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With the vacuum sealers that have hit the market, they're have been a lot of toys added onto the products. One such device is used for marinating meat. It just looks like a tupperware bin with a nozzle on the lid, and you use a hose to vacuum all the air out. The claim is that this will pull the fibers of the meat apart allowing you to marinade in half the time.

My question is, does this really work or is it just marketing hype? If it does work, is this a better way of marinating?

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up vote 2 down vote accepted

This works by increasing the porousness of the meat inside the bag. When a vacuum is created, there is a natural tendency for matter to occupy that space. It does this by increasing the amount of space between particles, otherwise known as density. This increases the size of the microscopic holes in the meat, and thus effectively increases the surface area in which the marinade can contact the meat. More surface area means by marinade sticks to your food.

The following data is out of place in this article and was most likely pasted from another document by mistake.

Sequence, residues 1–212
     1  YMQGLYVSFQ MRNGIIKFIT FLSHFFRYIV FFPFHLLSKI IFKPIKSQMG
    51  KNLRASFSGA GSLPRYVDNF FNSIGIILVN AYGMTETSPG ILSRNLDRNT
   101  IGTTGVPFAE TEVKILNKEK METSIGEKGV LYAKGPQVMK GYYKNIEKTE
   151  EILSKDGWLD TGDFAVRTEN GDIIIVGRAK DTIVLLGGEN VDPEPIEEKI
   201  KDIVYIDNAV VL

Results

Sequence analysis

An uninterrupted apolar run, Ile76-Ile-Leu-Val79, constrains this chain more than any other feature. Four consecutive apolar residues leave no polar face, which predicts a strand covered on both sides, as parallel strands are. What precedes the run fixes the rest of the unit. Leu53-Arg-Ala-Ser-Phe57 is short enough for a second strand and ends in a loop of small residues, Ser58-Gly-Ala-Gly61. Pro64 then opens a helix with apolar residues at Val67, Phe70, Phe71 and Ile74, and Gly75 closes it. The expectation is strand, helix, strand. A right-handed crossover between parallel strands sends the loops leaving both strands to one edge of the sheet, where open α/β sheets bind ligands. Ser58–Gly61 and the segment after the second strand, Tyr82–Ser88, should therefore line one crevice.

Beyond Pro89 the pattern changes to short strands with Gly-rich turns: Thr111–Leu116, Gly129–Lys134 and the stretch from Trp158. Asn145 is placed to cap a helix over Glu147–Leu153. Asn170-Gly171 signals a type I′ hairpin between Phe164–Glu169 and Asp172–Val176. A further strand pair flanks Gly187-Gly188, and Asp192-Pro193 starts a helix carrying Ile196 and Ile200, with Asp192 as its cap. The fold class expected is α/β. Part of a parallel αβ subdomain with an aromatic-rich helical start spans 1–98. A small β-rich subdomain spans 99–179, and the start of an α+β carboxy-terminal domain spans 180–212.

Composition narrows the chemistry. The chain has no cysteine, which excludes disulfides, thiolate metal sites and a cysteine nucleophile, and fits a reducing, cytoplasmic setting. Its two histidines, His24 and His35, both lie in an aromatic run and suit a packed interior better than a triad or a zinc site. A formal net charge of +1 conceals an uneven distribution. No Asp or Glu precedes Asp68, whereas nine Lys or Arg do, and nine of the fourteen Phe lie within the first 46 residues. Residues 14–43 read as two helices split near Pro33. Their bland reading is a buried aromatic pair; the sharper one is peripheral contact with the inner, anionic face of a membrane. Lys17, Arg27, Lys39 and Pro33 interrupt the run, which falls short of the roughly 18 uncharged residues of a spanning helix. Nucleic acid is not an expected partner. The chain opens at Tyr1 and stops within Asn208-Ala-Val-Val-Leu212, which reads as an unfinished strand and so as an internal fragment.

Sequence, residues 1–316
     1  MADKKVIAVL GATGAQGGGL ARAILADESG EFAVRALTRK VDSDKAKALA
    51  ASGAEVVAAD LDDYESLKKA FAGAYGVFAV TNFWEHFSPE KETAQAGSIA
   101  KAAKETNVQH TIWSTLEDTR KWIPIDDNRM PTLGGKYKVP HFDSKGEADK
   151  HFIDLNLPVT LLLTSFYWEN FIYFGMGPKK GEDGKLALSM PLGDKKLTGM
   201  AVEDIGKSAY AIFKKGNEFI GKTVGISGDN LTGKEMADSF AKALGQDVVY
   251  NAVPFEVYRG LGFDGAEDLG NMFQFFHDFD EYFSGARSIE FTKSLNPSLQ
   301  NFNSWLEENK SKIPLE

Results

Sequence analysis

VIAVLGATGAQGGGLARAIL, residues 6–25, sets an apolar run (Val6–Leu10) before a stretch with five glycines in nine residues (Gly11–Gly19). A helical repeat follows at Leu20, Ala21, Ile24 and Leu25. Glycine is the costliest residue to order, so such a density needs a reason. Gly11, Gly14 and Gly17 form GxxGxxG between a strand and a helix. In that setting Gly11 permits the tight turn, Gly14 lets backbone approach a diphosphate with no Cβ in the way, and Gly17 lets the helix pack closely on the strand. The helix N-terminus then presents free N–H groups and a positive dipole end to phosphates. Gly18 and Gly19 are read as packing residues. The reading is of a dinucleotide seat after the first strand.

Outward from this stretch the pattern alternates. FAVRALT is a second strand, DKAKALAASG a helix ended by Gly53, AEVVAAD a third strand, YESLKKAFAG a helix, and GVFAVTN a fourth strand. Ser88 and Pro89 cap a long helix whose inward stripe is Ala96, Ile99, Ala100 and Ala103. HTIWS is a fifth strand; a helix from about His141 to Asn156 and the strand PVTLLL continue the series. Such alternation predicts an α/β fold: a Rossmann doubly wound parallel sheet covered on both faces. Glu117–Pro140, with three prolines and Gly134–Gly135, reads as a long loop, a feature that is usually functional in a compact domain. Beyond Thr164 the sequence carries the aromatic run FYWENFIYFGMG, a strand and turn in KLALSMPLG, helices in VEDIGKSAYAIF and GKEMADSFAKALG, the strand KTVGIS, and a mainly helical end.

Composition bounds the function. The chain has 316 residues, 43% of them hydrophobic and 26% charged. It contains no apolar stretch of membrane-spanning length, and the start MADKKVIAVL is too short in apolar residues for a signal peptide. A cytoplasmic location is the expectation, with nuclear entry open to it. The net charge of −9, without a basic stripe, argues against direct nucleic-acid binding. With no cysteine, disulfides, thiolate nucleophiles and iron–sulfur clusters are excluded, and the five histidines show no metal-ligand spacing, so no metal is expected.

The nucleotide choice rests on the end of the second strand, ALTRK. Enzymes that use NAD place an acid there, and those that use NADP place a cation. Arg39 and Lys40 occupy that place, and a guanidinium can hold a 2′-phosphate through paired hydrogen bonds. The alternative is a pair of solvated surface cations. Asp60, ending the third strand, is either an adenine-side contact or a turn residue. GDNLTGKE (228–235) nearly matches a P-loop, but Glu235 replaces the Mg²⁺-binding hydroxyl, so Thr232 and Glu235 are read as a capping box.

If you'd like to see the effects of vacuum pressure on foods greatly exagerrated, put a marshmallow in a vacuum seal bag and see what happens. :-)

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I like this explanation even better. It would be like suddenly opening a second door to a crowded club, and letting the people flow in. –  Ocaasi Jul 27 '10 at 18:08
    
While you are correct in the physics aspect, if you think about it you are maybe opening up an additional 1 mm of pore space on the surface of the meat. Not much improvement that your taste buds would notice. –  Mark Nov 13 '13 at 2:14
    
@Mark Meat doesn't have "pores", this is a wild speculation by Leibnitz which has been well refuted in the following centuries. Also, do you have any evidence how much space gets opened, and how large the effect is on taste? (I'm voting neither up nor down, because your explanation is possibly true, I just would like to see evidence before I believe it). –  rumtscho Nov 13 '13 at 11:34
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It works. It's just physics. Vacuuming out air creates lower pressure inside the container. Lower pressure acts like suction, and the liquid 'rushes' into the meat much faster than during normal osmosis (marinating).

It's the difference between letting guests linger on your porch and come in as they please, or grabbing each one by the arm and yanking them inside as they arrive.

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